Starting lineup (at MTA Subway - 50th St (1))
I’m embarrassed to say that my main camera is my iPhone. I’m on Instagram so I can follow friends; I like how immediate it is. I upload with filters sometimes; I’m not that purist about it. In the past, you’d pick a certain type of film for a certain look, and today’s filters are a similar concept: the modern version of choosing the right mood. But if there’s absolutely stunning light, and a picture hasn’t needed a filter, I always do #nofilter.
#rainroom (at Expo 1: New York Rain Room)
New Haven Line
Lunch: #fromwhereieat (at Pax)
So Kodak has 140,000 really good middle-class employees, and Instagram has 13 employees, period.
The giant sucking sound of the digital economy.
Pinterest is about the things people aspire to buy, the things they want. Instagram is people celebrating what they bought.
Pin desires, Instagram realities.
GiMP (at Grand Concourse)
Trumped in Harlem (at Gotham Yellow)
Cosmic (at Columbus Circle)
It’s no surprise that hashtags increase your chances of likes and followers. But you’re also more likely to grow your followers by simply asking for likes/follows and reciprocating.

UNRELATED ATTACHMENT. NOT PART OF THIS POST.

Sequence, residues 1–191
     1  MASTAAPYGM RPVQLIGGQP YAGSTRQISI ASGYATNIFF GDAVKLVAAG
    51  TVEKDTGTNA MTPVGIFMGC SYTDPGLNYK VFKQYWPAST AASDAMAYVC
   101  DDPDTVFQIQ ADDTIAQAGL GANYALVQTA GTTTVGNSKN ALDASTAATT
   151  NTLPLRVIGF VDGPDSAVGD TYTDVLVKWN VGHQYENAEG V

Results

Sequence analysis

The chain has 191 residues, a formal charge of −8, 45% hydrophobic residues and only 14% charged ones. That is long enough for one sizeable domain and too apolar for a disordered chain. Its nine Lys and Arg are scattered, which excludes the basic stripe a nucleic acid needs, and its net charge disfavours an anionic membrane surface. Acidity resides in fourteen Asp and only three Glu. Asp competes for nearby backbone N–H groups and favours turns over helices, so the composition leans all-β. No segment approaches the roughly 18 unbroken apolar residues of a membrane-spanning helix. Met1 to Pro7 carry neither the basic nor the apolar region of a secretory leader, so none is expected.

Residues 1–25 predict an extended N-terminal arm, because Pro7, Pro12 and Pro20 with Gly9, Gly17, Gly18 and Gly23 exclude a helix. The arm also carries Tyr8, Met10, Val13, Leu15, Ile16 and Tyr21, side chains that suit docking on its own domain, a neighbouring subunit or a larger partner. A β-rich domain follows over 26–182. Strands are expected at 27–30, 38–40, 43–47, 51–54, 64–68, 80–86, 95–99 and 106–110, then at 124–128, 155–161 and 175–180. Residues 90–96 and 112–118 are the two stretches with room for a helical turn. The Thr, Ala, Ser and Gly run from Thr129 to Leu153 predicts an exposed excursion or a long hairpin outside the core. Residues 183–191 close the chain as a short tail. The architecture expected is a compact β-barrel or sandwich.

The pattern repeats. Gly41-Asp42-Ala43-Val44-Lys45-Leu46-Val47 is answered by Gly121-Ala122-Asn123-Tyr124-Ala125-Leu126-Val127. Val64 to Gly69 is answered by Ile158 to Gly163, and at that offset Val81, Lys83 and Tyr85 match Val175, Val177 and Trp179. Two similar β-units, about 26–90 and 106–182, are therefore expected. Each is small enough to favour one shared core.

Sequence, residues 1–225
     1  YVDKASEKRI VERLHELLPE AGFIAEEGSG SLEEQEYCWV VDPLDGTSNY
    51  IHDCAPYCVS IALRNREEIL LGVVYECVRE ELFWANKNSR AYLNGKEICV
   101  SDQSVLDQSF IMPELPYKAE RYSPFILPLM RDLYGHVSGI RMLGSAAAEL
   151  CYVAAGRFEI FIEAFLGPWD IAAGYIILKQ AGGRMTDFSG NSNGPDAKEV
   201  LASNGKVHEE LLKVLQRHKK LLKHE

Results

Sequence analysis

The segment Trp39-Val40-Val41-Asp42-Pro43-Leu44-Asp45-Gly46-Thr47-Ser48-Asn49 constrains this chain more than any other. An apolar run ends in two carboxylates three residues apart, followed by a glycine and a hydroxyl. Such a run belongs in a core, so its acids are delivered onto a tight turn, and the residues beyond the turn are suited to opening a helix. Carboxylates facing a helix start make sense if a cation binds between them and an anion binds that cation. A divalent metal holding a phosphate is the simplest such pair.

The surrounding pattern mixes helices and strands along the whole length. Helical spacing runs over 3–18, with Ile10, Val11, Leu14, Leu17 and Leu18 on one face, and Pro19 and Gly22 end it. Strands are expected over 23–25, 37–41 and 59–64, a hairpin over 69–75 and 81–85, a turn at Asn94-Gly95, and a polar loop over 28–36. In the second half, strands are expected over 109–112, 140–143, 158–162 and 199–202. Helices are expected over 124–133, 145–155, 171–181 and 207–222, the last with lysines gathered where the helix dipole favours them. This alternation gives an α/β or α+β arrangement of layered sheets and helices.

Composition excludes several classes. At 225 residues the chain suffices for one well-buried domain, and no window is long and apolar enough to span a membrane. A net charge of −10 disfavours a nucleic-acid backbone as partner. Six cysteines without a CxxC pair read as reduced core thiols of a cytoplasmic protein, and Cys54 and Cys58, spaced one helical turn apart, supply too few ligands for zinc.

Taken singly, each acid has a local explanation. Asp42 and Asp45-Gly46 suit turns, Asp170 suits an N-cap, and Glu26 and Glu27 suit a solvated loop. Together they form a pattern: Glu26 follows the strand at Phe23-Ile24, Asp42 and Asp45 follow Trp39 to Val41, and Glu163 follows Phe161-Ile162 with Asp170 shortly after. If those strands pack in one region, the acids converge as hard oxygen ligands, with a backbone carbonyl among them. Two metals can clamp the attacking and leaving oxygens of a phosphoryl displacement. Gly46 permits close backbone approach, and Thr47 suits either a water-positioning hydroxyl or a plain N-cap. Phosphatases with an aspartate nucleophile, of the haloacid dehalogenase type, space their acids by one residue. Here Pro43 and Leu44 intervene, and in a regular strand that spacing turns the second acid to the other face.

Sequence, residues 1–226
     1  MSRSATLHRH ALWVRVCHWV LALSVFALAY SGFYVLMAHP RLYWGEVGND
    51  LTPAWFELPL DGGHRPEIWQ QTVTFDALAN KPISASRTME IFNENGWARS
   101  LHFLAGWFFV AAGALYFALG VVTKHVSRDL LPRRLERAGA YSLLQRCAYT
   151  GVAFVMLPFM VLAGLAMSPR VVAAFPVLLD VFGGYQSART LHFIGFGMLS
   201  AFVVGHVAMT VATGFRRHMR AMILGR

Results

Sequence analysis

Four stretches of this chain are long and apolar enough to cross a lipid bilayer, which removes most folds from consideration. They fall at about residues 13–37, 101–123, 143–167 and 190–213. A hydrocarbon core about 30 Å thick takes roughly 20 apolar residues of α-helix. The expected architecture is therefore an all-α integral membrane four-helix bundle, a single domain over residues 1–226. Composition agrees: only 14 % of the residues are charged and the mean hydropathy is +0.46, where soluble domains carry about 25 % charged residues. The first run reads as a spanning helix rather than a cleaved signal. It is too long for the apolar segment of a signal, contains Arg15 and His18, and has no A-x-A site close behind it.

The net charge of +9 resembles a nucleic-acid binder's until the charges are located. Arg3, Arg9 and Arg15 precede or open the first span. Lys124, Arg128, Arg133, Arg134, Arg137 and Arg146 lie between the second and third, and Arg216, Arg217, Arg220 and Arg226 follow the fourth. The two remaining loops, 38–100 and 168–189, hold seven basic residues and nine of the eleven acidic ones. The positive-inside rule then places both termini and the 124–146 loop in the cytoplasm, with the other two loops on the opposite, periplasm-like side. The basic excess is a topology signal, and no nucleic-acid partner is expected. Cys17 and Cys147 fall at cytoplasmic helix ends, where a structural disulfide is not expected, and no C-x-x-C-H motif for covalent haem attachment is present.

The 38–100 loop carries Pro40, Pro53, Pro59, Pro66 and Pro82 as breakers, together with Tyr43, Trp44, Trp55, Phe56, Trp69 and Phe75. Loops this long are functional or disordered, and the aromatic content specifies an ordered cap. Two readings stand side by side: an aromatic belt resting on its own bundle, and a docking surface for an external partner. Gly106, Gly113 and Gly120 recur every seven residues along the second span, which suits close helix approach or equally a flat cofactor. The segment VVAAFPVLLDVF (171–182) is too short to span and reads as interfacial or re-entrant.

Instagram strategy: Quid pro quo.
Instagrams, worthy of their own language; easily recognizable:
Instagram images have become units of speech, building blocks in a visual vocabulary that functions somewhat like a colonial patois, where old-school darkroom photography is the native tongue and digitization is the imperial language. And like an empire at its height, Instagram is relentlessly making conquests—and in short order. Even people who don’t yet use the app can recognize in its distinctive photos a new visual lingua franca. The images don’t look “filtered” or like Instagrams. They look like … reality.“
Still concur with Hugh MacLeod though:
I like Instagram almost as much as I hate the fact that Facebook owns it.